Plenty of energy to-day. My normal breakfast of plain oatmeal and grapes couldn't happen because I was out of grapes, so I decided to see if I could make up for them with more soy creamer in my coffee and some hot apple juice. Everything after breakfast felt like it was taking much too long to get over with.
More time was spend to-day researching for my comic project and Christmas shopping. I saw a woman at the mall a couple days ago holding an infant and begging people for money. She looked and sounded like she was from the Middle East which was probably why she wasn't used yet to prohibitions against beggars at the mall. I managed to give her all the quarters I had in my pocket before security shooed her away. I still get the little twinge of reluctance in these cases, bred into me by a culture loath to confront the dictates of their own conscious. So they come up with rationalisations to help them see casual charity as a bad thing. I remember hearing several times an urban legend about a guy who became a millionaire "scamming" loose change off people, like this is some kind of unspeakable crime. I figure, if this unlikely scenario is true, then I'm out maybe a dollar and he lives comfortably. Why should I get worked about it?
People see it as an unspeakable crime, though, because of what I consider to be the false belief in the ability to earn money. People think the work they do is somehow magically transmuted into the money they receive from their employers. It's no wonder right wingers dislike charity and the arts--Artists can be seen working their asses off for very little remuneration or receiving millions of dollars for a couple months' work. I remember Michael Moore a couple years ago getting into an argument on The Howard Stern Show with Scott DePace--the show's resident conservative. DePace demanded how Moore could justify getting millions of dollars for his movies, and Moore said it simply happens to be the money he brings in.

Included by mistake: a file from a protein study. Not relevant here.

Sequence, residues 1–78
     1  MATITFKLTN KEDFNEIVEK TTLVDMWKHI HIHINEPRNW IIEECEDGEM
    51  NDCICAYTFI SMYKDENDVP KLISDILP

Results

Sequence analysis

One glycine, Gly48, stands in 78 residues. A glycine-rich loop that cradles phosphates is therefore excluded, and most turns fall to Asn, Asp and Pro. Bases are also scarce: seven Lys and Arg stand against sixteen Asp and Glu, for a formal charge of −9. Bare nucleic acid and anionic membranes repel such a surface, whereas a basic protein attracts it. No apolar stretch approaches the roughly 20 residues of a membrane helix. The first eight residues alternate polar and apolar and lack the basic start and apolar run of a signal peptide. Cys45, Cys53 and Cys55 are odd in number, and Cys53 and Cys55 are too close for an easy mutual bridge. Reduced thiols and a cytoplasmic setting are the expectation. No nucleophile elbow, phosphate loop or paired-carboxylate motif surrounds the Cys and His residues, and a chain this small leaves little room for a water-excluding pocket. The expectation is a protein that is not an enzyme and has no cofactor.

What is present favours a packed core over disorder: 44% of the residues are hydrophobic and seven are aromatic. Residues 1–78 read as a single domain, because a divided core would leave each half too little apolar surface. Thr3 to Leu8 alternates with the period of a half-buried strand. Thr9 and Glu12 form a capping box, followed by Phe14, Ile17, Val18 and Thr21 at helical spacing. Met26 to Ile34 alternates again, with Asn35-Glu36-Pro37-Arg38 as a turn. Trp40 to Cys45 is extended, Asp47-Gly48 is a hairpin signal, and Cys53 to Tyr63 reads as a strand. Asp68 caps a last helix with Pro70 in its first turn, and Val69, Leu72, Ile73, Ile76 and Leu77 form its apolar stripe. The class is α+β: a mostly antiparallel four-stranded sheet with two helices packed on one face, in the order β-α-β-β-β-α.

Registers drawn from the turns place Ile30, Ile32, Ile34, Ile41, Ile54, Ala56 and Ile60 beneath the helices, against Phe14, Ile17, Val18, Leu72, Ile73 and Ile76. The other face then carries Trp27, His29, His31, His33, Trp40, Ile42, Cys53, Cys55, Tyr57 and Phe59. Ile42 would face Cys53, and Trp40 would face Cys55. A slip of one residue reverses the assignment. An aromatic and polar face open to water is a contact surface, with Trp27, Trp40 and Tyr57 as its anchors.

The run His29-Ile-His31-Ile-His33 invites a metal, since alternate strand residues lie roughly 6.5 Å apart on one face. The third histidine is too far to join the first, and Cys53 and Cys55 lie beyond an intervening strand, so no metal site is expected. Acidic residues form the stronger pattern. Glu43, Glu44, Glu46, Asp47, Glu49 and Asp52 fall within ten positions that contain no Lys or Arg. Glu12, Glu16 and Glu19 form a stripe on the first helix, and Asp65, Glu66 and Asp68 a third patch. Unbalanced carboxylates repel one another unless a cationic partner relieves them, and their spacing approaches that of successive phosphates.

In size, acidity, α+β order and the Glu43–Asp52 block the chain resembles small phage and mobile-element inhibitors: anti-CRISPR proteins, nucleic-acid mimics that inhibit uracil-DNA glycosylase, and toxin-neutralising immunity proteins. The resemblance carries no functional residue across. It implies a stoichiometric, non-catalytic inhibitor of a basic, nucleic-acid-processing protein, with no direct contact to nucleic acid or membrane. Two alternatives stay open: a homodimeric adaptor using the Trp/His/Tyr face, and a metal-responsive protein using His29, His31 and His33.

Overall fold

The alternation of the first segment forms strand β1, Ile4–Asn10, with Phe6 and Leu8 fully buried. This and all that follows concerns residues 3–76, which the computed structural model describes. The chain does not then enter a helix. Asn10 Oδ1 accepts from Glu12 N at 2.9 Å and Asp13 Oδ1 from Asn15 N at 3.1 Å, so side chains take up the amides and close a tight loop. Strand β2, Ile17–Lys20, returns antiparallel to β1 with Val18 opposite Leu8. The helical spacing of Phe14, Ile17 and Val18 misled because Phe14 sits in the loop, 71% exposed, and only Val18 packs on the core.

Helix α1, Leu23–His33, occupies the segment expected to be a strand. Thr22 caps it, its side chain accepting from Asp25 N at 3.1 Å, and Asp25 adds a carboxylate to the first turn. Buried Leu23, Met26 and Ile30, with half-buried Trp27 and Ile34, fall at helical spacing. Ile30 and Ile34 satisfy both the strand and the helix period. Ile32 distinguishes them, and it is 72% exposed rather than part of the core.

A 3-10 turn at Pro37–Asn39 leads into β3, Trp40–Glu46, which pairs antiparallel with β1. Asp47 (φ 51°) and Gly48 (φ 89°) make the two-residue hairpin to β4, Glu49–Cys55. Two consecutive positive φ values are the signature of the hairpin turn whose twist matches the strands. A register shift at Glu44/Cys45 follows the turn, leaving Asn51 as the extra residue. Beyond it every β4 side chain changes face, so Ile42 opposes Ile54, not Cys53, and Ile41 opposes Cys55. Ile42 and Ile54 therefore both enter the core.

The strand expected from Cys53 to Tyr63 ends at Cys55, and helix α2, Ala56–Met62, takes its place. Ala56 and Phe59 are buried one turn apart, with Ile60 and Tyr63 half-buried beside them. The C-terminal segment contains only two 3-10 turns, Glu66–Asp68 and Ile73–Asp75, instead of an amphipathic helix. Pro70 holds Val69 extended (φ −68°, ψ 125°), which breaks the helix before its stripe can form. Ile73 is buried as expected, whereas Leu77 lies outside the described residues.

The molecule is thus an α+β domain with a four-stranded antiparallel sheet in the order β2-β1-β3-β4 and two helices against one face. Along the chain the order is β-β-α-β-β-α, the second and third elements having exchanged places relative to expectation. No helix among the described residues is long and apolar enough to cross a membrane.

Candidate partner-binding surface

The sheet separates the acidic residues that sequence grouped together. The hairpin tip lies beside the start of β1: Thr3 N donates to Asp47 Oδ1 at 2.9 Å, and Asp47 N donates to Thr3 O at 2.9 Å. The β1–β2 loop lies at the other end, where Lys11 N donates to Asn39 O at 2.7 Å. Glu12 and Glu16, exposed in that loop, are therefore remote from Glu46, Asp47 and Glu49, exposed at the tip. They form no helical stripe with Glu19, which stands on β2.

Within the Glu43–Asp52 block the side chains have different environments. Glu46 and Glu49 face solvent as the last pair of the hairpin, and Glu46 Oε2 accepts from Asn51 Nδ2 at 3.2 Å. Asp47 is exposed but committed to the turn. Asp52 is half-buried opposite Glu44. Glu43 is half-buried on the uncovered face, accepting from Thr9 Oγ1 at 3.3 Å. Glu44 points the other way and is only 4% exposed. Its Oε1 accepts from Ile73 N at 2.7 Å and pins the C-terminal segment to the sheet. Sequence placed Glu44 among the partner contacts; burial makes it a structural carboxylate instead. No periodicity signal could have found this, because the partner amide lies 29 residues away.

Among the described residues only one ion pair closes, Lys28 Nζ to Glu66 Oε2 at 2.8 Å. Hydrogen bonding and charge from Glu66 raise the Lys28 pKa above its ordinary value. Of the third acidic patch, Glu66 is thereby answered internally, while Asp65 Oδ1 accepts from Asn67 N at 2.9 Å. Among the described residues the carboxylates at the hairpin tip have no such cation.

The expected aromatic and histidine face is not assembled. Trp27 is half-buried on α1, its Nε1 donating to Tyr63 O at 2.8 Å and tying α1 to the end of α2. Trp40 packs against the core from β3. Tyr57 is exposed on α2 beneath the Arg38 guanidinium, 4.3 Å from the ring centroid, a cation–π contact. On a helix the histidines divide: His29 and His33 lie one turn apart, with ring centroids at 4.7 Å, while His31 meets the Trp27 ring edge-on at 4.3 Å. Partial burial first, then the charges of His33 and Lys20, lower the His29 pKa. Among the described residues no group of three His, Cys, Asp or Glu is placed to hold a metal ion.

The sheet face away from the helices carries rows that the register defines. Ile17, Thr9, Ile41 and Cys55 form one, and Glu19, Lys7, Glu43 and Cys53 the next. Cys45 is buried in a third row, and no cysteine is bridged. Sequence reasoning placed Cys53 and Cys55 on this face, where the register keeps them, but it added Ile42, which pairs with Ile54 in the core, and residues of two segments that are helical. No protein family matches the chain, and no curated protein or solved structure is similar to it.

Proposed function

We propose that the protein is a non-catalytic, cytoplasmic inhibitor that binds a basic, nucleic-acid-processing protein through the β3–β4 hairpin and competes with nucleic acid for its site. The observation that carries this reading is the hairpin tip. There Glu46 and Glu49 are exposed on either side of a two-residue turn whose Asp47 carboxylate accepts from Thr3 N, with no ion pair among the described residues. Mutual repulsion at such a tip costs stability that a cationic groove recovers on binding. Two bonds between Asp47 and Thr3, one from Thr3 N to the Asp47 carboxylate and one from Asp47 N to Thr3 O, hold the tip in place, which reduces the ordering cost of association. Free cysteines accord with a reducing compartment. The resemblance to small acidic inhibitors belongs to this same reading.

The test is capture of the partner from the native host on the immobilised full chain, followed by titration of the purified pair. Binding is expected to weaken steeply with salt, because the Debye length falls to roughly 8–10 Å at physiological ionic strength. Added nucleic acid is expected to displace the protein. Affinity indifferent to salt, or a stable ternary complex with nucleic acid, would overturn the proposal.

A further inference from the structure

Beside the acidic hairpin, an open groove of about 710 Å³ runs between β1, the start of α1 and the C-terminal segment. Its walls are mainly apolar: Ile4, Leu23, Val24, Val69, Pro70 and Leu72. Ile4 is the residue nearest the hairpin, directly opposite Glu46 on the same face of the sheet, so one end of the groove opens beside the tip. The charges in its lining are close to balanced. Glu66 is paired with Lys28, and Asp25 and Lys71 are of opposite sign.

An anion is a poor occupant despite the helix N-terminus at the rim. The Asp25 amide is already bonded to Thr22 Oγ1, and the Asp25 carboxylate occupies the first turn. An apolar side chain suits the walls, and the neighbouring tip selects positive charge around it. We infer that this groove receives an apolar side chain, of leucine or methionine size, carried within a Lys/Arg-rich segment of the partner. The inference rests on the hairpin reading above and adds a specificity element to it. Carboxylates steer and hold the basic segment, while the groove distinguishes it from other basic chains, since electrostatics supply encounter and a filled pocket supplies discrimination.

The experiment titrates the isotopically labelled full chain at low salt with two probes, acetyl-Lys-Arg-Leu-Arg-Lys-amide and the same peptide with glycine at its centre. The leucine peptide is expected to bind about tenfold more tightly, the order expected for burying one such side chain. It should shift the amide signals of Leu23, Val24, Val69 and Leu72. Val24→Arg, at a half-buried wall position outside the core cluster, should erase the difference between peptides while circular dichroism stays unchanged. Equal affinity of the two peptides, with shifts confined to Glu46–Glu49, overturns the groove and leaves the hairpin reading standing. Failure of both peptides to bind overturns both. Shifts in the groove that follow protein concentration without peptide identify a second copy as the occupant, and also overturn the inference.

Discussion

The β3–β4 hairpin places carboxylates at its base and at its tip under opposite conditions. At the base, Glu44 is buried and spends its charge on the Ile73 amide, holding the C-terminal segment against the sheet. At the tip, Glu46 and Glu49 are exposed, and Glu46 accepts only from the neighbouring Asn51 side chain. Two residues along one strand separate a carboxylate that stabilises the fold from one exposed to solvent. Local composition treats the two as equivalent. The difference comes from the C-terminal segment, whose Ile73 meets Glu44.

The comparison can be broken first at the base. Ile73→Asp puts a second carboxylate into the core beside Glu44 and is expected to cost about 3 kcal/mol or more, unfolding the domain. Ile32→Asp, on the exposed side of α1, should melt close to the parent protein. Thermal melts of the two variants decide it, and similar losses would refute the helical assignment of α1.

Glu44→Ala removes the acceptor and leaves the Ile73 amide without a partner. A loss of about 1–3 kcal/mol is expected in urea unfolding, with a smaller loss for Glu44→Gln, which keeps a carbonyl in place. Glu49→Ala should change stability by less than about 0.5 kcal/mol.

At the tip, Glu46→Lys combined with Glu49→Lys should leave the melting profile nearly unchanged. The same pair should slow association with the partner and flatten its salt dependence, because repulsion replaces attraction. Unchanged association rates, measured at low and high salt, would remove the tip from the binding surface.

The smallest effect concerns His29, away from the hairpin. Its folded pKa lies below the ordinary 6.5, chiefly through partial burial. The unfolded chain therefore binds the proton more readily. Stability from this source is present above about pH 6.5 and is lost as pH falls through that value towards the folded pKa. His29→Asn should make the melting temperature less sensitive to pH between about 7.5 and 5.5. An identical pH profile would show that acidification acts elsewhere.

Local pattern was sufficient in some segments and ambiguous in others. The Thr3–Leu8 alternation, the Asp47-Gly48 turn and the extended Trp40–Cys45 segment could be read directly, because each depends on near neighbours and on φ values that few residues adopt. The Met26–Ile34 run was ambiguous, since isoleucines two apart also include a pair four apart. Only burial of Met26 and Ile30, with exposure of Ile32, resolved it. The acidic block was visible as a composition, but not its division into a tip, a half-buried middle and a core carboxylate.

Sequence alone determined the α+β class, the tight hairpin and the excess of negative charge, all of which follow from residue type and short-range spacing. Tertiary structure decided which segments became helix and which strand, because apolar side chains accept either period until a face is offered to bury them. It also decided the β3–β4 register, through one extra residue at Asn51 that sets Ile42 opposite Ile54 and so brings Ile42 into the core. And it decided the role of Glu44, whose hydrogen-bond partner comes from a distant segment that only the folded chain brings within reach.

I haven't been listening to Howard Stern as much lately because I was actually feeling involved with the story in World of Warcraft, but I'll probably listen to the show to-night as it looks like I've come to the end of the really good Forsaken stuff--that bug I mentioned the other day, by the way, was fixed. There was kind of a neat showdown between Sylvanas and the Worgen leader, though the dialogue was a bit awkward as always, featuring a reference to Interview with the Vampire I'm not sure was intentional, but more like an amateur writer asking himself, "Okay, if I were a bona fide, purple prose type goth writer, how would I write?" Still, it was a fun story with nice atmosphere provided by the uncommonly good art design for WoW. And I was able to get my blood elf Exalted reputation status with the Forsaken faction.
I'm glad I was able to get Burning Crusade when it was temporarily five dollars, though I wasn't able to order Wrath of the Lich King when it was on sale because there was some kind of foul up in the Blizzard works. I simply can't spend forty dollars on an add-on, so I'll content myself with Burning Crusade, which I've barely scratched the surface of. Anyway, now Blizzard can expect to receive only the precise dollar amount their alchemy's meant to transform their product into.